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Do You Have a Council of Counselors?

It is the time of year that we typically look back over the last twelve months and take stock of what went well and what didn’t quite measure up to our ideas of success. We hopefully spend some time using the lessons of the past and planning for future accomplishments in the coming year. This is an exercise successful business owners definitely engage in. The most fruitful ones have some form of a council to help them, not only during this annual evaluation and planning time, but on a regular basis.

Why should you have some kind of council of counselors? God tells us through His instructions to us in the Bible that we should have trustworthy people giving us advice. Proverbs 12:15 states it this way in the New Living Translation: “Fools think their own way is right, but the wise listen to others.” There are many other such statements in Proverbs. As imperfect people, we tend to have weaknesses and blind spots that prevent us from making the right decision or doing the right thing 100% of the time. If we have some wise people around us as we go through life making these decisions and doing these things, they can hopefully help us avoid the wrong ones or at least make a proper course correction in the wake of mistakes.

Here are some suggestions from a C12 Group segment on how a Christian business owner can put together that helpful council of counselors:

■ Formal Board of Directors – common for large or public companies

■ Christian Peer Advisory Board – A group such as C12 provides a readymade format for asking and receiving counsel, being challenged by best practice ideas, and submitting issues and plans to other committed Christians for feedback. C12 also provides a degree of accountability, prayer, planning, and one-on-one counsel.

■ Council of Advisors – Another resource that can complement either of the prior two alternatives is meeting with a smaller group of trustworthy colleagues (often two to four local C12 members and/or church members). Real benefit can be generated by meeting together regularly for counsel, accountability, and prayer. Due to their informality and small size, a COA can provide an opportunity for deeper intimacy which many C12 members have found to be extremely helpful.

■ Mentor – More than teachers, mentors are generally role models with more experience or authority in areas where we desire to grow. Teachers impart knowledge; mentors impart life. Long-term mentors are difficult to come by, but they can be hugely beneficial.

If you aren’t a business owner you can still benefit from having a council of counselors. I’ve found that having a group of three additional people of the same sex that meet together at least twice a month for at least 90 minutes each time provide a good format for sharing life and getting advice on the challenges we all face. Having a small number of all men or all women in the group fosters a higher degree of transparency and trust that is difficult to achieve in a larger group of men and women.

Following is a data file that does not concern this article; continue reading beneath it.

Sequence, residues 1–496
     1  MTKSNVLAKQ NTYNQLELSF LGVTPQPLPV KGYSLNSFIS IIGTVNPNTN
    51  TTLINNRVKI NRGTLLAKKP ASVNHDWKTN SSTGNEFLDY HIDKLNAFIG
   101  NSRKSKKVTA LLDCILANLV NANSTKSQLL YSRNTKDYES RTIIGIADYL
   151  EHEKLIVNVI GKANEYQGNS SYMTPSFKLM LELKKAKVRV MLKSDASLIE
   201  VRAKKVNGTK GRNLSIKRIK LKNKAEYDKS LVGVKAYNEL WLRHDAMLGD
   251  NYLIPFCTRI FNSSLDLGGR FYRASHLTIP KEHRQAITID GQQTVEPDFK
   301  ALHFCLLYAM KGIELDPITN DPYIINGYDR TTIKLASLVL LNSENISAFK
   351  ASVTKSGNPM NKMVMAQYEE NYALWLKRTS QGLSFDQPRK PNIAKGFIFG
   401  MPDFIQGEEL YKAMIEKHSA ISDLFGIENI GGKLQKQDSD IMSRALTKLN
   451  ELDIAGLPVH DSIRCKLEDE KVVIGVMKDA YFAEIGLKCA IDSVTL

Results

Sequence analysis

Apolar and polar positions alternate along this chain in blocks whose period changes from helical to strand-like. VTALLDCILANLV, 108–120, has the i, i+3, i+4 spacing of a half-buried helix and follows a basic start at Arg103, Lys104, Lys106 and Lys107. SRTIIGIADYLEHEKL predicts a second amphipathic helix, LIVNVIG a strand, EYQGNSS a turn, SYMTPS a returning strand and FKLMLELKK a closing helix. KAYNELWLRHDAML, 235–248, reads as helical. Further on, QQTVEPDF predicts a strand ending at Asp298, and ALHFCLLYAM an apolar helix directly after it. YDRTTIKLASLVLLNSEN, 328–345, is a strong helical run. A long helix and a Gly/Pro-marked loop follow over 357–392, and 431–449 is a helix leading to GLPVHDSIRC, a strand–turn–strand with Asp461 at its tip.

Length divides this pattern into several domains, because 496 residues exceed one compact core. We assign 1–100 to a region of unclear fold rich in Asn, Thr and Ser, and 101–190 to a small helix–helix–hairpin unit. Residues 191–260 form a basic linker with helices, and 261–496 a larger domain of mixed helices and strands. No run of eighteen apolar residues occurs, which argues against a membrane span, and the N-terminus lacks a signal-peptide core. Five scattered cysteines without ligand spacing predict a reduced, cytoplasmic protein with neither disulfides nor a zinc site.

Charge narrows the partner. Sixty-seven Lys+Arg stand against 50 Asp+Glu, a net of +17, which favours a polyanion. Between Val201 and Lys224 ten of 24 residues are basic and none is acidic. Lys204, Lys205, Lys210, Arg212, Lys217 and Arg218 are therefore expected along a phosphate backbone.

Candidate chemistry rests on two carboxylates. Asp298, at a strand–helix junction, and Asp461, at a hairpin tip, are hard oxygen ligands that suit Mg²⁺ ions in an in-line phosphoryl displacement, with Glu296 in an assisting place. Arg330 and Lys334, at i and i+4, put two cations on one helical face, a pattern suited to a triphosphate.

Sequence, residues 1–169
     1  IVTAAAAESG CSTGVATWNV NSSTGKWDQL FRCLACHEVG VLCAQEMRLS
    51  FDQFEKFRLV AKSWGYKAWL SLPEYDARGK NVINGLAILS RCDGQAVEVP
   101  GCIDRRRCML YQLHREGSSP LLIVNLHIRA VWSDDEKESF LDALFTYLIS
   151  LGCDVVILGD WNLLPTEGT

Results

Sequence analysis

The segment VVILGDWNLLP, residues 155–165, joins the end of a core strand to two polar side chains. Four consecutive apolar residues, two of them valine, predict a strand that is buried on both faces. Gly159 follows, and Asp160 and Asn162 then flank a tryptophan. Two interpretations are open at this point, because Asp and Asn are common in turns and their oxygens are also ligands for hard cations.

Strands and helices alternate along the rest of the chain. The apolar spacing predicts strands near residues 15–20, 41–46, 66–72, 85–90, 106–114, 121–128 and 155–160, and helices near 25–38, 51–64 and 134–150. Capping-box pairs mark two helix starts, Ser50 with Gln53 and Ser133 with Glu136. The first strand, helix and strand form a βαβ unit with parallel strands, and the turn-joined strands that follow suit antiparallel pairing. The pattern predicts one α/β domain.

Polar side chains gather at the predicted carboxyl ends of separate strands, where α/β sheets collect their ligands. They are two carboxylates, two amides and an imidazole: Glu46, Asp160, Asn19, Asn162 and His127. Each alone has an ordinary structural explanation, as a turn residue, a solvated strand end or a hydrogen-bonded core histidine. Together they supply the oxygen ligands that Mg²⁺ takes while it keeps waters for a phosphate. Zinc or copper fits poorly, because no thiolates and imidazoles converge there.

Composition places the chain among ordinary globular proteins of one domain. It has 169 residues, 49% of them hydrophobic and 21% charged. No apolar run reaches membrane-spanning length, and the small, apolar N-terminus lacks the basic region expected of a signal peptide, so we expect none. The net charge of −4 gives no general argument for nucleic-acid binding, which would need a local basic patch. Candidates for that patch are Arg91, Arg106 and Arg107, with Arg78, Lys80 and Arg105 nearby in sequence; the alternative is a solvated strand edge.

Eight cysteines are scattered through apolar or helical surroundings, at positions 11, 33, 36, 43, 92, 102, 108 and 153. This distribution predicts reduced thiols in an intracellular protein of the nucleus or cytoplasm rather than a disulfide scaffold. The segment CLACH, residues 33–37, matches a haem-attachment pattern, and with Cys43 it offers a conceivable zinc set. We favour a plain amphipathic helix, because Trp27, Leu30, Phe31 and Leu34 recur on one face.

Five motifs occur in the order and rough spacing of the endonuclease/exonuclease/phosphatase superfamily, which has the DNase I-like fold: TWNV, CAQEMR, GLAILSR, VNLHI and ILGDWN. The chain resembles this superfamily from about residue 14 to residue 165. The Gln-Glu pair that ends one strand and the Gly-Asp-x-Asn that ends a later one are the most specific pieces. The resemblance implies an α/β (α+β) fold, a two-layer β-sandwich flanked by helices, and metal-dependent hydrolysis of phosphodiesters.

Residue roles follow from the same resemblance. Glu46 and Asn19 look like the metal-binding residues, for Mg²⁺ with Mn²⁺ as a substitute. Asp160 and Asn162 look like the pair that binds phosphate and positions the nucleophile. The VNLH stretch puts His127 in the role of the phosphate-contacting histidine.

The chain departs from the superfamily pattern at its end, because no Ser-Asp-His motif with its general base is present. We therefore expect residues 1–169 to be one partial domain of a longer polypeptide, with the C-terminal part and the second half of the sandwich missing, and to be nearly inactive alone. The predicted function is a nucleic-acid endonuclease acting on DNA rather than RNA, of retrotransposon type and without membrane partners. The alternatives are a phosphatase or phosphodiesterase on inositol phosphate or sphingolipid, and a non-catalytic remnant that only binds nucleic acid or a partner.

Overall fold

As you gather together with your council, here are six common characteristics of finishing well that you could pose to them, asking if there is evidence of these characteristics in your life.

 The Six Common Characteristics of Finishing Well

Develop and fight to:

  1. Hold an Eternal Perspective. Don’t get caught up in the short term thinking of the culture. Eternity is considerably longer than even the longest life we could possibly have.
  2. Build Intimacy with Jesus Christ. In Philippians 4:13 we are told “For I can do everything through Christ, who gives me strength.” A relationship requires time conversing. To converse with Jesus Christ you need to read His words in the Bible and spend time talking to Him through prayer.
  3. Maintain Self-Discipline. The self-discipline being raised here is avoiding “many foolish and harmful desires that plunge them into ruin and destruction” Timothy warns us about.
  4. Maintain Open and Accountable Relationships. This is a key part of having a council you can trust and be transparent with. They also need to be able to challenge you when you have a blind spot.
  5. Maintain a Teachable Spirit and a Lifetime of Learning. Proverbs 11:2 is one of a number of verses that tell us “Pride leads to disgrace, but with humility comes wisdom.” I can trace nearly all my worst mistakes back to pride and arrogance. I can trace nearly all of my successes to wisdom that came from someone else that I acted on.
  6. Maintain a Heart to Help Others Finish Well. Since others need a council of counselors, invest time, energy and prayer in being a wise counselor for someone else, sharing the benefits that you are receiving from your council.

Best wishes for a fruitful and blessed year, one that is focused on relationships, both earthly and eternal!

 

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Planning with an Eternal Perspective

This time of year many of us are starting to think about making plans for 2015. Business owners and executives are evaluating how 2014 has gone and will work on business plans for 2015. There are of course the New Year’s resolutions that many of us are beginning to think about. God encourages us to plan; He tells us that in many Bible verses including Proverbs 21:5 (NLT) Good planning and hard work lead to prosperity, but hasty shortcuts lead to poverty. Many of our plans are focused on bigger and better results than last year.